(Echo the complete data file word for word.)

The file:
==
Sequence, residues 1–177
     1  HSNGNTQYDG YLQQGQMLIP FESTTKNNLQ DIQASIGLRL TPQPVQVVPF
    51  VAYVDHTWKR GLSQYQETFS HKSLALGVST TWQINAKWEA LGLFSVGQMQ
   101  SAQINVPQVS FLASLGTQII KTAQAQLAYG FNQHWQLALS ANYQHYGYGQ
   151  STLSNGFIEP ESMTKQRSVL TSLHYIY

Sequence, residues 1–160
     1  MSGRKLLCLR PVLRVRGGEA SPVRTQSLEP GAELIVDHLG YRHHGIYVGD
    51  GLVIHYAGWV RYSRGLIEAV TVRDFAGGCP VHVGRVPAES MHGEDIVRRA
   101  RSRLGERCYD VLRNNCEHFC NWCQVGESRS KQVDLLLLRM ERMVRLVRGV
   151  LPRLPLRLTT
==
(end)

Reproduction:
Sequence, residues 1–177
     1  HSNGNTQYDG YLQQGQMLIP FESTTKNNLQ DIQASIGLRL TPQPVQVVPF
    51  VAYVDHTWKR GLSQYQETFS HKSLALGVST TWQINAKWEA LGLFSVGQMQ
   101  SAQINVPQVS FLASLGTQII KTAQAQLAYG FNQHWQLALS ANYQHYGYGQ
   151  STLSNGFIEP ESMTKQRSVL TSLHYIY

Sequence, residues 1–160
     1  MSGRKLLCLR PVLRVRGGEA SPVRTQSLEP GAELIVDHLG YRHHGIYVGD
    51  GLVIHYAGWV RYSRGLIEAV TVRDFAGGCP VHVGRVPAES MHGEDIVRRA
   101  RSRLGERCYD VLRNNCEHFC NWCQVGESRS KQVDLLLLRM ERMVRLVRGV
   151  LPRLPLRLTT